“This? Pro­cess? A 2014 is­sue? Bring it on,” said Sen. Ben Cardin, D-Md. “I would find that very sur­pris­ing if they try to run their cam­paigns on the nom­in­a­tion of judges.”

Even Re­pub­lic­ans are skep­tic­al of how the rules change could be used in 2014. “I don’t think Amer­ic­ans un­der­stand it very well,” said Sen. John Mc­Cain, R-Ar­iz. “But what it will do will af­fect our abil­ity to do busi­ness in the Sen­ate, and what we will not let it do is dis­tract us from the fail­ure of Obama­care.”

The num­ber of pres­id­en­tial nom­in­a­tions on which clo­ture was sought peaked in the 112th Con­gress.

Sens­ing blood in the wa­ter over Obama­care, Re­pub­lic­ans led with their strongest hand. Sen. Lamar Al­ex­an­der of Ten­ness­ee called the rules change “Obama­care II,” and Minor­ity Lead­er Mitch Mc­Con­nell of Ken­tucky, in a pas­sion­ate speech dur­ing which he fre­quently turned to ad­dress his mem­bers dir­ectly, tried earn­estly to make the as­ser­tion stick.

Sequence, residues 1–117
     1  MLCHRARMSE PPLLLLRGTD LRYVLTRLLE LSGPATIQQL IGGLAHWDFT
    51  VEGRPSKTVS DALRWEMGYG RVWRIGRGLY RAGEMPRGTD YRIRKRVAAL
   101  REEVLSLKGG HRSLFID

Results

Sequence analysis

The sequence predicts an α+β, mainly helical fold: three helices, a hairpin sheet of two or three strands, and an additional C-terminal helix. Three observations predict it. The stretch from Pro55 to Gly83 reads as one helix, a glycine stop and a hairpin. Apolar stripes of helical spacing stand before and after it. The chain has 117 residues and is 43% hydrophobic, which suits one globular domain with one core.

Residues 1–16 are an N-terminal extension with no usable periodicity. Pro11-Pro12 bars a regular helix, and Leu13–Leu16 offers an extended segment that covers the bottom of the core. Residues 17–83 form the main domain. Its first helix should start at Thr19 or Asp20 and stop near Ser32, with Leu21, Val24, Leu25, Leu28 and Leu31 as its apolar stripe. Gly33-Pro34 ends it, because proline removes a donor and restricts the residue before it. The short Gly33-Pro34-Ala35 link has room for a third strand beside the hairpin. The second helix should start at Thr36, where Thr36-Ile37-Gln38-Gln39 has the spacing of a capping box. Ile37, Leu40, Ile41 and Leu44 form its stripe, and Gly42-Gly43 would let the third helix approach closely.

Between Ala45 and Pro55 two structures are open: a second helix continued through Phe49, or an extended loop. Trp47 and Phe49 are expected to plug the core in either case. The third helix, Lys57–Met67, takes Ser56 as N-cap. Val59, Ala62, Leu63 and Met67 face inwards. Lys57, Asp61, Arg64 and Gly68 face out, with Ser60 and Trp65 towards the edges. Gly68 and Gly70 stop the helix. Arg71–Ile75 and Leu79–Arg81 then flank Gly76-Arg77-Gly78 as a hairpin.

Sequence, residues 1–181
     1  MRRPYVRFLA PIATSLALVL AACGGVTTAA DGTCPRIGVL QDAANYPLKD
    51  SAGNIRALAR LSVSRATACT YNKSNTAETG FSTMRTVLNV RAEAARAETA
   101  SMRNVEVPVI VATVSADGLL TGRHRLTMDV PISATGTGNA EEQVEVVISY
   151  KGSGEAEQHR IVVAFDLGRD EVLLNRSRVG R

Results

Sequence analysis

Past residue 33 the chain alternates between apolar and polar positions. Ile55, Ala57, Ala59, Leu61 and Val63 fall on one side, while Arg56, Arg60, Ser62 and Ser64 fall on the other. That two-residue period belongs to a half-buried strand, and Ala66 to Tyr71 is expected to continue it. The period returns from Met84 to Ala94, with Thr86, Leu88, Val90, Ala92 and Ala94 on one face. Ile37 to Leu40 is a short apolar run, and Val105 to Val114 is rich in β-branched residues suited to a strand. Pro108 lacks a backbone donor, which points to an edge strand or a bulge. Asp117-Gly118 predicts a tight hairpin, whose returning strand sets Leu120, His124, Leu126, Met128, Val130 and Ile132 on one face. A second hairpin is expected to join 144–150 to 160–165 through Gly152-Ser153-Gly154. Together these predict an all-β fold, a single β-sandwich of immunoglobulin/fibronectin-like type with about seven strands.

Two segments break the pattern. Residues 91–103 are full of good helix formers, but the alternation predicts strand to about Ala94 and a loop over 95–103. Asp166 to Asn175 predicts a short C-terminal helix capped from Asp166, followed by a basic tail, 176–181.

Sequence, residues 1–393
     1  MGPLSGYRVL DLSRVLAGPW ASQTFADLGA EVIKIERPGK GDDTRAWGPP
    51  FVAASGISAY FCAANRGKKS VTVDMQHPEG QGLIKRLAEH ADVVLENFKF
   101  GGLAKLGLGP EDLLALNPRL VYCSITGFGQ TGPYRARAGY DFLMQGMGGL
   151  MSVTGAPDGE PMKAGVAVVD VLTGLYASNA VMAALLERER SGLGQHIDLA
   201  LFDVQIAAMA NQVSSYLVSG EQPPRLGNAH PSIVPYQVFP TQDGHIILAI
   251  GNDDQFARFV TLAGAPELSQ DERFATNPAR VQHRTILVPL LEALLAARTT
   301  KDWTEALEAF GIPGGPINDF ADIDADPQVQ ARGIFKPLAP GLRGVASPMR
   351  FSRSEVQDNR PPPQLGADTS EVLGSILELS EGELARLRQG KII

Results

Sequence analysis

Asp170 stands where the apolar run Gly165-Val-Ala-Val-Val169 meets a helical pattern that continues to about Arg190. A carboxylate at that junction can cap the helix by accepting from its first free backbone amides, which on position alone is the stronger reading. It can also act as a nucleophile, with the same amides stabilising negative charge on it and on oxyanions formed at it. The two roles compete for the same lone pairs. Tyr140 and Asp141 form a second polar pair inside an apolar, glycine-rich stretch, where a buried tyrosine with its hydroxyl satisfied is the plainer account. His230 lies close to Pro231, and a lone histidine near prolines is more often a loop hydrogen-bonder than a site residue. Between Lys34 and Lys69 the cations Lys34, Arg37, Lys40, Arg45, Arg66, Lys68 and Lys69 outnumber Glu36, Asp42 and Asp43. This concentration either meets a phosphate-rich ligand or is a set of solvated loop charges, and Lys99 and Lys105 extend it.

“I’d be look­ing to change the sub­ject just as Sen­ate Demo­crats have been do­ing with their threats of go­ing nuc­le­ar and chan­ging the Sen­ate rules on nom­in­a­tions,” he said.

At one point, Mc­Con­nell trained his fire dir­ectly on Re­id, de­liv­er­ing a line that eli­cited a bois­ter­ous laugh from Sen. John Bar­rasso of Wyom­ing. “He may as well just have said, ‘If you like the rules of the Sen­ate you can keep them,’” Mc­Con­nell said, play­ing on Obama’s much-cited line over health care.

But Re­id’s de­cision to trig­ger the nuc­le­ar op­tion lightened the mood for Demo­crats. Merkley, per­haps the strongest ad­voc­ate of the change, smiled broadly and greeted vis­it­ors out­side the Sen­ate cham­ber, even high-fiv­ing one of them.